As I mentioned at the beginning, I thought Gutter Snipes was a Quonset hut. I’m a tad disappointed that it wasn’t. Because it would have been in keeping with the whole whole military theme. But as an object, it is something spectacular. Unlike the other pieces, it’s lit from within, so the shadows fall out side of it on the wall and floor. While they do make pretty patterns they don’t interfere with the metalwork which enables you to actually see and concentrate on some of the motifs and patterns. In some ways this is a good thing, and in other ways it isn’t suck a good thing.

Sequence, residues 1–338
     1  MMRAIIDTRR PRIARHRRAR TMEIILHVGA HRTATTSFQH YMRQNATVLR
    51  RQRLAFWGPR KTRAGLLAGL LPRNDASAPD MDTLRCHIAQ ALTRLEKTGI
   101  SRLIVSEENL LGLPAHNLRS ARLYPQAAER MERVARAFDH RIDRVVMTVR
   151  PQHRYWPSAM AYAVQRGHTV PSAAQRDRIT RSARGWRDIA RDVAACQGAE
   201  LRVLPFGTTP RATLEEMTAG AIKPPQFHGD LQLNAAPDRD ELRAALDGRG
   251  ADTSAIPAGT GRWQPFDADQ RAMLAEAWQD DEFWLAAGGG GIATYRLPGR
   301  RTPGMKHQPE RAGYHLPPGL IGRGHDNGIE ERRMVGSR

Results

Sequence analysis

It’s not good, because you get to see up close how rough Ms. Lane’s work is. Not that there is anything wrong with rough work, it’s just that when your work gets compared to lace and filigree in an age when there is a techniques known as laser cutting and waterjet cutting. It becomes a case of not quite living up to expectations, especially when your eye switches from the ammunition boxes veiled in shadows. Then secondarily, I didn’t quite appreciate seeing that the individual parts were held together by wrapped wire. It gave a little bit too much of an air of being jury-rigged together or slapdash, and not well thought out.